Latest Trends in the PICU and NICU
PICU and NICU travel nurses get to work with the latest technology.
By Andrya Feinberg, contributor
One of the advantages of working as an Onward Healthcare travel nurse is the opportunity to work in PICUs and NICUs to help decrease infant mortality. As infant mortality is dropping all the time due to improved technology and clinical processes in the PICU and NICU, travel nurses are part of the team that is saving lives. Whether babies or children are in the PICU or NICU, the combination of advanced technology, specially-trained health care professionals, and clinical processes contributes to an improved, healthier outcome for high-risk newborns and seriously ill children.
According to the CDC article, "Mortality in the United States, 2014," the infant mortality rate in the U.S. decreased by 2.3% in 2014. The CDC is working with states to develop Perinatal Quality Collaboratives (PQCs), which reduce preterm births and improve birth outcomes across the nation. PQCs are networks of specially-trained health care professionals dedicated to improving outcomes for women by using advanced technology, clinical practices, and processes.
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Trends Helping to Decrease Infant Mortality
There are many ways to reduce infant mortality facing our nation today. Thanks to the following clinical processes and new trends, healthcare professionals have been instrumental in contributing to the decrease in infant mortality.
Addressing and Preventing Preterm Birth
According to the CDC article on infant mortality in January of 2016, the second most common cause of infant mortality is preterm birth (before 37 weeks gestation) and low birth weight. Once they become pregnant, women can reduce their baby’s risk of preterm birth by getting prenatal care, improving their health, and getting proper nutrition.
Healthcare professionals are working tirelessly to find ways to stop preterm labor from progressing to a preterm delivery and travel nurses play a vital role in decreasing infant mortality.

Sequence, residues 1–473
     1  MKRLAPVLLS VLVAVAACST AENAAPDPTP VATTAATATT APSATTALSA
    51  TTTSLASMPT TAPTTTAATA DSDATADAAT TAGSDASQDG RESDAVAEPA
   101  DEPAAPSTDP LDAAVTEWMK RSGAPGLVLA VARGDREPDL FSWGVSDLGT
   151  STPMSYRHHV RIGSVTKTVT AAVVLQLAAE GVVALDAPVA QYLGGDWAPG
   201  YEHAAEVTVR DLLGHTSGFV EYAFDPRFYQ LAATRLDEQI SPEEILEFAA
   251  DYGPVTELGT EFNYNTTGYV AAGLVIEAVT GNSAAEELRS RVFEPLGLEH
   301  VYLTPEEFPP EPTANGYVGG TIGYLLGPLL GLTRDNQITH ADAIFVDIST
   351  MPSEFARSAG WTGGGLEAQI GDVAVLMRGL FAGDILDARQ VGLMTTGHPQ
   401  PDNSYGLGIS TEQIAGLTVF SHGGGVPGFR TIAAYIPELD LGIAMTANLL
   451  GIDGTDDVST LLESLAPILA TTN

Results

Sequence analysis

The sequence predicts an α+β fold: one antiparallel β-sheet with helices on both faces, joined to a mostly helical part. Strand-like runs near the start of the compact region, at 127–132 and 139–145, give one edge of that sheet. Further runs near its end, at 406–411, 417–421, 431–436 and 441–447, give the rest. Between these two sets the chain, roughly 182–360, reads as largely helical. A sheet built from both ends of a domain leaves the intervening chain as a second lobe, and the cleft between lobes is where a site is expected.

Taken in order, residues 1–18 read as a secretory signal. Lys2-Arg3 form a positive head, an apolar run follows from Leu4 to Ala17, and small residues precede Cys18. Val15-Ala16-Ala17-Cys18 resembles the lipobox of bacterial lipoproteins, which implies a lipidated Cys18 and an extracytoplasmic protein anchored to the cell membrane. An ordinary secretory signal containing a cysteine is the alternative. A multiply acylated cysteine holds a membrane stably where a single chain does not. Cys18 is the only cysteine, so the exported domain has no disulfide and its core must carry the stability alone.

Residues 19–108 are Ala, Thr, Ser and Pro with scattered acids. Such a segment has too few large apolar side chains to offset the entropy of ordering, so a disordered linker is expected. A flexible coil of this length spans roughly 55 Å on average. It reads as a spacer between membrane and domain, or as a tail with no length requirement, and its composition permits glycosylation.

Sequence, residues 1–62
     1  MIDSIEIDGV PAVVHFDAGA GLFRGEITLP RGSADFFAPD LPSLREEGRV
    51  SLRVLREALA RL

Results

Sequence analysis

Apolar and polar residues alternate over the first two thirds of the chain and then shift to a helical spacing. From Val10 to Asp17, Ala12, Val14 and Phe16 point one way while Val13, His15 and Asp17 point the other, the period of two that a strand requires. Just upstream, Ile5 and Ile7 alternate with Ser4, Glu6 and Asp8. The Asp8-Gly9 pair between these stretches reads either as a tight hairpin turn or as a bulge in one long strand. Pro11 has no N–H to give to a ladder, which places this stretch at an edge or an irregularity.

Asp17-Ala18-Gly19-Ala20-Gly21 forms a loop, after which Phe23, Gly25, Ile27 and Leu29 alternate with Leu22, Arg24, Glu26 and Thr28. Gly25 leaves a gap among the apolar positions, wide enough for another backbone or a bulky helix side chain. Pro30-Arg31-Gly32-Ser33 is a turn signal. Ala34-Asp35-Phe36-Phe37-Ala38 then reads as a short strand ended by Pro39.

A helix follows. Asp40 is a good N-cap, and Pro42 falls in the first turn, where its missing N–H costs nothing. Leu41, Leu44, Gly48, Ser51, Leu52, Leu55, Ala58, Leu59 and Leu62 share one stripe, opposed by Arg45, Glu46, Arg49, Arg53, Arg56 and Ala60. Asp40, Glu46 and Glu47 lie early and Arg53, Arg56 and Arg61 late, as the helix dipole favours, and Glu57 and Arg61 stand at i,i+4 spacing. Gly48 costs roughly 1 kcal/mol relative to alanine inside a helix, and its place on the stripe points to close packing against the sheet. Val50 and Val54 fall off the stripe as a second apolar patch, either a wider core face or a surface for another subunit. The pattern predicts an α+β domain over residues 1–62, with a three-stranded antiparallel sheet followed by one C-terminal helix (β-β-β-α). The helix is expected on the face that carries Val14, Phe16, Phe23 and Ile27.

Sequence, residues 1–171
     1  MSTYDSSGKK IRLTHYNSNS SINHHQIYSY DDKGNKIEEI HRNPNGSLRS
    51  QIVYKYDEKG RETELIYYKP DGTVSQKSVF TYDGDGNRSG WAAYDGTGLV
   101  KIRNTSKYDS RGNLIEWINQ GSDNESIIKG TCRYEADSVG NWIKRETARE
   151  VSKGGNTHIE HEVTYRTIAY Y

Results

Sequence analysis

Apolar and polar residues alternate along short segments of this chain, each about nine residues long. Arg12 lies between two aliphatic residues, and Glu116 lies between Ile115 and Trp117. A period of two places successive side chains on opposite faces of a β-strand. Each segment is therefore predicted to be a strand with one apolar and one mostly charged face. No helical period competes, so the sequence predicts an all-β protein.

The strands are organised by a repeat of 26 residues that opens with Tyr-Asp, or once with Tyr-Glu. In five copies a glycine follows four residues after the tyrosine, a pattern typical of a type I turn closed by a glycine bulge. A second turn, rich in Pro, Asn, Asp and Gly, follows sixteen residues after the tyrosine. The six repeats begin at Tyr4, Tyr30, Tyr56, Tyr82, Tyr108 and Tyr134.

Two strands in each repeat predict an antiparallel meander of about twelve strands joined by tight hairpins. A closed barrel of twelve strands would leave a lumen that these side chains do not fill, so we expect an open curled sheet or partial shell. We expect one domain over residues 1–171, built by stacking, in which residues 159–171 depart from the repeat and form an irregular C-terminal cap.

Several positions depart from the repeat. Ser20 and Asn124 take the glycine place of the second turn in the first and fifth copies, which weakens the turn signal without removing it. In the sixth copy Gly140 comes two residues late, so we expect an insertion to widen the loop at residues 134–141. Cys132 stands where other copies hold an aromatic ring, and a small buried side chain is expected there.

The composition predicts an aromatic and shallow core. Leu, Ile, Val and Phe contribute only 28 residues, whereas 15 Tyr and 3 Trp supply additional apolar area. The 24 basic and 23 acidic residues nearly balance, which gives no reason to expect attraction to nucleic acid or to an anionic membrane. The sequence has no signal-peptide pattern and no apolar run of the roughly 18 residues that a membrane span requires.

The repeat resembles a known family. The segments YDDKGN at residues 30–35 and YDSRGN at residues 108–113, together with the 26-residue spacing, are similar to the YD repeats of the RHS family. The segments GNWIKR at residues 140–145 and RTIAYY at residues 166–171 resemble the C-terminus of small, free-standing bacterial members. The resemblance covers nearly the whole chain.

• In New York State, 77% of birthing hospitals are participating in a Perinatal Quality Collaborative (PQC) to reduce the delivery before 39 weeks. The New York State PQC reported a 91% decrease in scheduled primary C-sections without medication indication from 36 up to 39 weeks of gestational age.
• The Ohio PQC reported a 68% decline in the rate of deliveries at less than 39 weeks gestation without a medical condition.
Decreasing Respiratory Problems with Antenatal Corticosteroid Therapy
Researchers, scientists, and healthcare professionals are committed to understanding the health challenges faced by infants born preterm or at a low birth weight as a way to develop treatments and cures for these challenges. Babies born preterm are at a higher risk for life-threatening breathing problems resulting from their underdeveloped lungs.
Antenatal corticosteroid therapy has been instrumental in reducing neonatal morbidity and mortality from preterm delivery. Steroids and ventilators stabilize breathing, which allows the infants’ lungs to develop more fully.
• The Ohio PQC reported that 83% of eligible women at risk for preterm delivery received antenatal corticosteroids from 24-34 weeks gestation.
The Bottom Line on Saving Infants’ Lives
Trends, improved technology, travel RNs, and specially-trained healthcare professionals in the PICU and NICU are helping to save infants’ lives. Through the continued development of Perinatal Quality Collaboratives, the nation will continue to see an increase in healthier outcomes for high-risk newborns and a decrease in infant mortality.
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